Apple has released a new 7th generation, 10.2in iPad. The new $329/£349 iPad has a new-look thanks to a bigger screen – although we aren’t getting reduced bezels and the Home button remains, at least for now.
That price is now higher than it was in the UK. Previously the entry-level iPad cost £319.
That mean the iPad is now larger, previously it was 240mm by 169.5mm (9.4in by 6.6in) with a 9.7in screen. Now it is 250.6mm by 174.1mm (9.8in by 6.8in). We had hoped that by reducing the bezels Apple would be able to add a larger screen without adding bulk, but apparently not.
The new iPad has been rumoured for some time. Even TF Securities analyst Ming Chi Kuo (who’s usually spot on) predicted back in February 2019: “Existing panel size of 9.7in iPad upgraded to 10.2”. He was referring to the March 2019 event at which the new iPad mini launched and the iPad Air returned, leading some to assume that the iPad Air would be replacing the iPad. But that was not the case.
In this article we will run through all the new features and specifications of the new 10.2 iPad, including design changes and the price, and how to buy, read on to find out more.
If you’re more interested in the current range, read our iPad buying guide and our roundup of the best iPad deals. And here’s how the 9.7in and 10.2in iPads compare.
It’s more than a year and a half since the 2018 iPad was launched back in March 2018, but we don’t have long to wait until the new iPad will arrive. Pre-orders for the new iPad start at 1pm (UK time) on Friday 13 September, and it will go on sale on 25 September 2019.
The iPad was the cheapest iPad model you can buy and that is still the case despite the update. However, if you are based in the UK it is now more expensive than it was.
Prices start at $329 or £349 in the UK. Apple said that education customers will be able to get it for $299 (UK education price TBC). The Wi-Fi + Cellular mode starts at £479 in the UK.
Previously the iPad prices in the UK were as follows:
£319 (32GB), £409 (128GB), £449 (32GB, LTE), £539 (128GB, LTE).
Here’s how the prices compare to the rest of the iPad range:
- 12.9in iPad Pro, from £969, buy here
- 11in iPad Pro, from £769, buy here
- 10.5in iPad Air, from £479, buy here
- 7.9in iPad mini, from £399, buy here
- 9.7in iPad, was £319…
The new iPad comes in the standard Silver, Gold and Space Grey.
As well as being a fraction bigger, the new iPad is also heavier, it used to weigh 469 grams (1.03 pounds) but now weighs more, 483g (1.07lb).
The new iPad is no thicker than the previous model at 7.5mm (0.29in).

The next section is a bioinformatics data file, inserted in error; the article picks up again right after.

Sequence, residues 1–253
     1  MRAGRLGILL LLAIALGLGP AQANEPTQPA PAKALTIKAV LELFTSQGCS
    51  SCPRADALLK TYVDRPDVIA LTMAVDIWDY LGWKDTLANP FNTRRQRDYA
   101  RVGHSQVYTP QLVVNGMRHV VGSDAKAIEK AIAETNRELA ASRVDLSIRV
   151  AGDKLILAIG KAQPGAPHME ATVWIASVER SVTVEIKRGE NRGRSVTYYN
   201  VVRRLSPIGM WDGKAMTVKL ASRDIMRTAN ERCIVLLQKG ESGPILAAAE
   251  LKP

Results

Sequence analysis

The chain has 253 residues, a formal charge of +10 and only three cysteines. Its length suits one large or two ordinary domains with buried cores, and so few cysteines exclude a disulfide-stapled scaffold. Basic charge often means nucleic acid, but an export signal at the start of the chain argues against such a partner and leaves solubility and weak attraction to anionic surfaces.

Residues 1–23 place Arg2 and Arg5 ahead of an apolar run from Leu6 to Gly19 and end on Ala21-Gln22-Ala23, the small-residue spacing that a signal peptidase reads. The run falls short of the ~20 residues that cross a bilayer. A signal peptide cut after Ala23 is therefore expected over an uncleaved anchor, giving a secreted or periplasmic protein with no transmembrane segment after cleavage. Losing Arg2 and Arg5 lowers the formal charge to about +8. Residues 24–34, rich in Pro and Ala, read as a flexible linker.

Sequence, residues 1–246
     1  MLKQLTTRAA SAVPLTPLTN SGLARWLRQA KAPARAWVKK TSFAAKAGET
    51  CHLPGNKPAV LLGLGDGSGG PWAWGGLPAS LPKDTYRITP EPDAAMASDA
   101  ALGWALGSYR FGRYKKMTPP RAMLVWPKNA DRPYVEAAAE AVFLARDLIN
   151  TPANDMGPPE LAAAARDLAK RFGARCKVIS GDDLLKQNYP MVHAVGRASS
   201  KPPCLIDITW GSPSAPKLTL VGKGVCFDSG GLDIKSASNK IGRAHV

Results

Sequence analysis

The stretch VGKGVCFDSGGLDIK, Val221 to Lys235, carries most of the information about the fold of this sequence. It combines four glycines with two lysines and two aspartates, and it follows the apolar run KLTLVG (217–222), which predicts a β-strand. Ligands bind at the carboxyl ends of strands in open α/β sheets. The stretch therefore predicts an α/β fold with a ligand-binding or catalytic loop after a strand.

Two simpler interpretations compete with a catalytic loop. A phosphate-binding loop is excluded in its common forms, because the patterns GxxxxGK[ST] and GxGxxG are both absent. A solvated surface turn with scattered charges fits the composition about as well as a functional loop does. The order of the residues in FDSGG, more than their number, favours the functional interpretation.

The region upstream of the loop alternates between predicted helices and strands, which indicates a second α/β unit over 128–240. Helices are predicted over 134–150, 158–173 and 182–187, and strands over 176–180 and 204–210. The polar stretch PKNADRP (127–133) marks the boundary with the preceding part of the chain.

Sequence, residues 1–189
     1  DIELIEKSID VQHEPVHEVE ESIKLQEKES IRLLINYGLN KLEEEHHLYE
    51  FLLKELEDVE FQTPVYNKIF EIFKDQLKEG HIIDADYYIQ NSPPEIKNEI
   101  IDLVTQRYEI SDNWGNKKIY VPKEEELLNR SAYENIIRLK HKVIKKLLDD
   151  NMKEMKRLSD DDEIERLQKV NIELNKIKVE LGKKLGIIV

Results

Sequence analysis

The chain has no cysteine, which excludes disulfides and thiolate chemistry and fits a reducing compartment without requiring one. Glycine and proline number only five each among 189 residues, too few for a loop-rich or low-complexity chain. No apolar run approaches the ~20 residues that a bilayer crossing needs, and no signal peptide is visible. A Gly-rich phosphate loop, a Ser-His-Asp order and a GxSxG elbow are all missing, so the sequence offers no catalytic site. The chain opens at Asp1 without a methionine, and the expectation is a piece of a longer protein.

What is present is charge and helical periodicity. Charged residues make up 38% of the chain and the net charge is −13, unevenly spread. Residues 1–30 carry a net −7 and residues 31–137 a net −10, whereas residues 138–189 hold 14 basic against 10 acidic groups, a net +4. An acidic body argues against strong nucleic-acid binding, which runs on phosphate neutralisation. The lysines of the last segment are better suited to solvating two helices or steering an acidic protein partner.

The biggest negative about the iPad has always been the fact that it has an un-laminated screen, with the other iPads having superior laminated screens. The un-laminated display has a small gap between the screen glass and the display elements underneath, and when you press down on it there is a tiny but noticeable ‘flex’ – it bends inwards fractionally. This allows Apple to keep the price of this iPad down.
Unfortunately this doesn’t appear to have changed this time around.
Other features from the Air that we hoped would roll out in the standard iPad was True Tone; an anti-reflective coating, but Apple made no mention of this feature.
The 9.7in display was 2048 x 1536 at 264ppi – the new display offers 2160 x 1620 at 264 pixels per inch – a total of 3.5 million pixels, according to Apple.
Changes to the camera
The 2018 iPad had a poor camera in comparison to the other iPads. Unfortunately this hasn’t changed, the new iPad still has an 8mp camera (2.4 aperture) on the back and a 1.2mp (2.2 aperture) camera on the front for FaceTime and selfies. That looks rather poor compared to the 7Mp (and 1080p) front facing camera offerings on the iPad Air and Pro models.
This is likely to be a disappointment, especially as there had been rumours that the new 10.2in iPad could get a twin-lens camera.
A big surprise is the fact that the new iPad doesn’t have a faster processor. Previously it had an A10 Fusion chip and that chip remains. We had expected to see at least an A12 processor, the same as the iPad Air and iPad mini, so this is a surprise and a disappointment.
The storage options available haven’t changed either, with 32GB/128GB capacity options still on offer – we had thought that Apple might get rid of the paltry 32GB option.
About the only technical change is the addition of the Smart Keyboard connector. That keyboard will cost you £159. Or you could just use any Bluetooth keyboard.
With the arrival of iPadOS and macOS Catalina the iPad will also be able to be used as a second screen for a Mac, or like you would a graphics tablet. This new feature of Catalina is likely to widen the appeal of the iPad even more.
Read our iPadOS explainer for more details about the iPad software.